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12 Crisis Lessons from India

12 Crisis Lessons from India

Floods. Power failures. Government rules changes. A senior IT staff exodus. A dozen CIOs from India's largest enterprises explain what it took to overcome unexpected crises

This special crisis management report from CIO India shares the experiences of 12 CIOs who recall unique crises — including government policy changes, industrial action, floods and power blowouts — that interrupted their businesses and tested their IT organizations. Even without contingency plans in place, these businesses had to find a way to grapple with these crises to keep their companies on course.

While many companies worldwide now hire IT talent from India, it's interesting to note that the prevalence of IT systems in Indian business is still relatively new. As an IT leader from the manufacturing sector notes: "[For a long time], situations in business in India were not so dependant on IT that it would lead to a shutdown or something of that sort." It's only in the past eight years that IT has revolutionized the way business functions - through thick and thin. A few CIOs believe that a distinction needs to be made between "crisis in the IT organization" and "business contingency that requires IT's support". Be that as it may, information unites business and the IT organization, and helps enable CIOs and business management to recover from crises.

Check out how 12 CIOs brought their house back to order when faced with difficult, unexpected circumstances.

An Electrical Reversal Wiped Out Your Data Centre - and You Didn't Know When It Could Be Fixed

Tamal Chakravorty, former head of IT infrastructure at PepsiCo, now CIO at Ericsson India

A while back, Tamal Chakravorty, then the head of IT infrastructure at PepsiCo, was headed for a bath when he got a call from his office. One of his servers had shut down, but that wasn't going to stop him from taking a shower.

"My first reaction wasn't of worry," says Chakravorty. "It's normal to have a server fail (in our line of work). I certainly didn't jump out of my seat. I just wanted my hardware vendor, HP, to fix it. If it was a software issue, then the software folks would fix it. I thought someone somewhere would," he recalls.

That's when the other servers started to drop like nine pins.

The wipe-out couldn't have come at a worse time. "It was half-yearly reporting. I remember because an England-India cricket match was on." Chakravorty knew it was time to start his one-hour commute to the office. He was getting phone updates: all that his staff could determine was that every rack in the server room had electricity running through it. "That's when I started to worry . . . The engineers could not even touch the electrically-charged racks, which meant that no one could assess the extent of the damage."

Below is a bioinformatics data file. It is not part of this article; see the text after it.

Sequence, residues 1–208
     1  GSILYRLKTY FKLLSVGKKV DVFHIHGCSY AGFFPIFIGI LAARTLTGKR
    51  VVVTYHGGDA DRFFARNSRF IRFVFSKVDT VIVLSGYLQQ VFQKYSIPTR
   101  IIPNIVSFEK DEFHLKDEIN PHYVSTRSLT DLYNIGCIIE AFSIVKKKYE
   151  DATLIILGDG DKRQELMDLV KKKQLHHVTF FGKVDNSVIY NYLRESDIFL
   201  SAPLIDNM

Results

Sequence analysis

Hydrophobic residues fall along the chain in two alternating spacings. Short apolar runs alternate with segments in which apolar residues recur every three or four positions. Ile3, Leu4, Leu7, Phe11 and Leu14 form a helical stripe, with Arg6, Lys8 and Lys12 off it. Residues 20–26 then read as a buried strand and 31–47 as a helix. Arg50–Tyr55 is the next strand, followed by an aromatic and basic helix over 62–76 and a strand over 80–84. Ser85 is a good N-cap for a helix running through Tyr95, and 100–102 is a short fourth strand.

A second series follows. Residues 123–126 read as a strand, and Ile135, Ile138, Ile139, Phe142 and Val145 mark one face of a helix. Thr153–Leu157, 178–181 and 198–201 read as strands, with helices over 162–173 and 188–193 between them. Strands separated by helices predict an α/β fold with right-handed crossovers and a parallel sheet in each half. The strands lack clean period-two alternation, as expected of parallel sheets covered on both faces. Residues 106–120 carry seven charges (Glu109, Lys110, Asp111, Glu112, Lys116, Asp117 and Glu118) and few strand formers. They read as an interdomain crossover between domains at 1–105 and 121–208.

The situation fit one of his two definitions of a crisis. "A crisis is when business has shut down and there isn't a time-horizon to rectify it." Unfortunately, it also fit his second definition. "My other definition of a crisis is when business is dying to do something but because IT has faulted or systems don't work, they can't."

And business needed his systems urgently. Because it was half-yearly reporting time, the entire finance team, many of whom had been flown in for the meeting, was waiting. "Management was screaming, and I couldn't tell them when I could have the systems back up because I didn't know what the problem was."

Meanwhile, the electricity was frying his systems. "It started with my SAP server, then my e-mail server, my domain server, then my intranet and Web site servers. And, it went on until all 25 servers were out," he says.

It was four to five hours before electrical engineers could stop the electricity from destroying the servers. "But, my problems started only after they had done their job. The SAP server was destroyed, and my team had no idea about SAP," he explains. The IT team had to get HP and someone from Hyderabad on the phone to walk them through the repairs to PepsiCo's SAP system.

It took them nine hours, with 18 of the company's top suits waiting to get the systems back up. The losses came in two forms: delays in reporting and wasted time. More tangibly, the inability to create invoices and challans halted delivery of innumerable cases of Pepsi, "which meant that many more bottles of Coke were being sold". He estimates a loss of at least Rs 10 lakh.

"At that time, I couldn't have foreseen such a situation. But, now I can," he says wryly. "We learnt a lot about SAP, for sure. It also got the idea of starting a disaster recovery site going and we created a Bible to handle crises," he adds on a more serious note.

If the same were to happen to him today, Chakravorty says the damage would be more limited. Experience has given him eyes. "We have predictability now."

As told to Sunil Shah

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